1.1 The suitability of the research student
What sort of person makes the best PhD student? What characteristics and attributes should a supervisor look for? Fortunately there is no blueprint. Each and every student is different, but there are some common attributes. Obviously, every supervisor hopes for the perfect student, who will be meticulous, self-motivated, well-disciplined, and a competent all-rounder! The reality is that most students who make it as far as being registered for a research degree will have all of these attributes in some measure. Their levels of competence and performance will vary throughout their period of study, and part of the job of a supervisor is to moderate, encourage, and develop these competencies, and perhaps to add a few more skills as the need occurs. The journey of the PhD research student is essentially and fundamentally a voyage of transformation of the student. The person who successfully completes a PhD is really a different person from the one who began; more confident, more skilled, more competent, with a fundamentally changed outlook on their own professional abilities.
In the old days, it was felt that the only way the student could acquire this change of state was for the student to inhabit the same environment as the professor. Not in the same room, of course, but certainly living within shouting distance. What really intrigues me in contemporary academia, is the ability to utilise a wide range of digital technology to narrow the conceptual distance between a supervisor on campus, and a research student at a distance. We frequently take for granted the diversity and sophistication of the digital technology within our easy reach. From ‘simple’ e-mail and Skype, to more complex social media and file-sharing protocols, there is a range of digital tools that, while they have not been specifically designed for academics, are amply suited, with perhaps minor adaptations, to the intimate world of research student supervision.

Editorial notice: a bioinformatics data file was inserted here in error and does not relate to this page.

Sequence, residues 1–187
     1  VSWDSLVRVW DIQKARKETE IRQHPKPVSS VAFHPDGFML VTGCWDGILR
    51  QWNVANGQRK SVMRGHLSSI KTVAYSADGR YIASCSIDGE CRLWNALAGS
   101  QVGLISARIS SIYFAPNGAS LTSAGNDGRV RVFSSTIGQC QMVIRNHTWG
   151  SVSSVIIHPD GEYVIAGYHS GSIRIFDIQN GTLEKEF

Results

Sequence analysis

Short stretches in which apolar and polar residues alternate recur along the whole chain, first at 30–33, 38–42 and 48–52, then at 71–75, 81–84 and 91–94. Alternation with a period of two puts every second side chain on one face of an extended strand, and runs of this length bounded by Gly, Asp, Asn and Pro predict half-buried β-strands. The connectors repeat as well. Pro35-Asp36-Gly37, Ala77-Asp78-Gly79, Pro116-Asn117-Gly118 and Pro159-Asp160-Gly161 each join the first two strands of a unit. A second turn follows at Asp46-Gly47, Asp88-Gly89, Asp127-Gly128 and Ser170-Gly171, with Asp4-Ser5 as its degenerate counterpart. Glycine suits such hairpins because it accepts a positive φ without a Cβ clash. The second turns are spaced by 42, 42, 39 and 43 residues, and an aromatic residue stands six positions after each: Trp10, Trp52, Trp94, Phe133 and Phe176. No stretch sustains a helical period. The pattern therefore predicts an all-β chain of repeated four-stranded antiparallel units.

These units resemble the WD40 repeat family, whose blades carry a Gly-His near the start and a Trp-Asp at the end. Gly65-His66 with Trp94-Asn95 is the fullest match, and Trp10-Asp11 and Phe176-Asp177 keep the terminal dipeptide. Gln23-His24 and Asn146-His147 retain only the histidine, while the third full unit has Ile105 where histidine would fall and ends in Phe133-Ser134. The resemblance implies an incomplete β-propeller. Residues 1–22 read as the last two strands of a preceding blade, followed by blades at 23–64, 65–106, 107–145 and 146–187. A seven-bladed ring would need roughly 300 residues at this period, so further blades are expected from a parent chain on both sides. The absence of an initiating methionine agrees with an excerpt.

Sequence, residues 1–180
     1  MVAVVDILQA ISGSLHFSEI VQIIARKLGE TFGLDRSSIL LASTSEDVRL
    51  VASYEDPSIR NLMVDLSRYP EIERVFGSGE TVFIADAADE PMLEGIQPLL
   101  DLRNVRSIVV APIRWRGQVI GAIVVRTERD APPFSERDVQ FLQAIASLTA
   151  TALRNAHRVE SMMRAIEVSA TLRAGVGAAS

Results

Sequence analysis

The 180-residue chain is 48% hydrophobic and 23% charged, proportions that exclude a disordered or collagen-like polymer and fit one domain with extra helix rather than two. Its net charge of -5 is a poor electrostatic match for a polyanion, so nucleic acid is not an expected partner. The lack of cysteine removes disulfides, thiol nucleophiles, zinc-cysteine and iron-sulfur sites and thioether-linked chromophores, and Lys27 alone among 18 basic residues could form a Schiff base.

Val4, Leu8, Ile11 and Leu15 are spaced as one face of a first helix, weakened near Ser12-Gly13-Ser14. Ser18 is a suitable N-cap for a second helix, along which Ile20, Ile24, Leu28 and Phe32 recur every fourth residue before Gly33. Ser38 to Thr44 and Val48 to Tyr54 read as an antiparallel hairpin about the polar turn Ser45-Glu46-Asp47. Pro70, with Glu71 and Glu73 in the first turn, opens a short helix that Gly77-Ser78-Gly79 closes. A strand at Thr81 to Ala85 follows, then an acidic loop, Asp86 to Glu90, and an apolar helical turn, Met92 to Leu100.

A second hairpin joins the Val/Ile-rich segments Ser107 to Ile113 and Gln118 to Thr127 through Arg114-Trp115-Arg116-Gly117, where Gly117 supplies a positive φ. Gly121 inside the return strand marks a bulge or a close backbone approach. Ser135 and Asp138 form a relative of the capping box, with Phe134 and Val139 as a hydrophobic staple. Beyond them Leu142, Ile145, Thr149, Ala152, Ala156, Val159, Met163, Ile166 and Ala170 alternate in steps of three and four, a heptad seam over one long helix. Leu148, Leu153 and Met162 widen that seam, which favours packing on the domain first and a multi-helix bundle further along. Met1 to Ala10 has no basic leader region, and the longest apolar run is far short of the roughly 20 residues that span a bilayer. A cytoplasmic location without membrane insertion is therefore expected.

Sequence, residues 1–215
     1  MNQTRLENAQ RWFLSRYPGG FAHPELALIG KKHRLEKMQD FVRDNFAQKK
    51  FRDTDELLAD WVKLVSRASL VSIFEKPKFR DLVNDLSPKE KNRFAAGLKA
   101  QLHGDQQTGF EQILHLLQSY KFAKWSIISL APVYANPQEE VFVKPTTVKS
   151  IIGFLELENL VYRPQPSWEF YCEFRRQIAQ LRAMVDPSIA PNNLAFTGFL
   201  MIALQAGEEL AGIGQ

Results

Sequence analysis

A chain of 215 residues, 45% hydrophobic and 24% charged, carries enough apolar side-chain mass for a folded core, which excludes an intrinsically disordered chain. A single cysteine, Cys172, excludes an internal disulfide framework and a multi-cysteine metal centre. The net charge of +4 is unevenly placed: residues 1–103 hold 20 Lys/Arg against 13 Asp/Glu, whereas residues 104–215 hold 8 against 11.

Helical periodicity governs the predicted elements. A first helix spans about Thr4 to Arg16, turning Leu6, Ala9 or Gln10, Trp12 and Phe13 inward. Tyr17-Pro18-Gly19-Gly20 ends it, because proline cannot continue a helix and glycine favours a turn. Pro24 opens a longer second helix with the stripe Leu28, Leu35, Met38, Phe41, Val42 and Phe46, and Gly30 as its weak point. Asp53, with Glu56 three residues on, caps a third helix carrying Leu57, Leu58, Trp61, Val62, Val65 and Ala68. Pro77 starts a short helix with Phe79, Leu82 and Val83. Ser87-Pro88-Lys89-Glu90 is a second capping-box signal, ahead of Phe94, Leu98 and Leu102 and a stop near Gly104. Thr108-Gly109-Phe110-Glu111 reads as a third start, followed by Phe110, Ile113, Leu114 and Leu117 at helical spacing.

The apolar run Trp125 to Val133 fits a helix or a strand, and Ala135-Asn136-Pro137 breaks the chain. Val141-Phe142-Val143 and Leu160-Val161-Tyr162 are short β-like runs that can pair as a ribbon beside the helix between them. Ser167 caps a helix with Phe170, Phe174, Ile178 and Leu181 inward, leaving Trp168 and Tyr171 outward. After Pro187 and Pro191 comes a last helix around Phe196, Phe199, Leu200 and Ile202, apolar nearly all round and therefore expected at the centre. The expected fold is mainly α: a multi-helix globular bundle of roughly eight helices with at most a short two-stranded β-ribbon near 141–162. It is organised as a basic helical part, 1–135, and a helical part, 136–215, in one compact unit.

Traditionally, one, or perhaps two, academics would get together to think about a burning research question that interested them. They would seek funding to cover the costs of employing a student, meet the need of associated costs such as tuition fees, library and IT resources, possibly field work, and so on. Then they would advertise, interview, and appoint a research student, who would come to work full-time under their instruction, usually for around three years, until the student completed writing up and defending a research thesis that (usually) supported and was an extension of the life-work of the main supervisor.
This is still a common model, but fortunately the flexibility and innovation that has evolved at all levels of progressive education, has resulted in a wide range of new study options. It is increasingly frequent for research students to be self-funded, and studying part-time. These students will normally be working – fees and other bills have to be paid – and they may also have family responsibilities – the care of young children or elderly parents – that would make full-time study impossible. On the other hand, what they lose from the energy and momentum of working full-time on an absorbing research project can be made up for by increased time-span for reading, cogitation, and gathering data.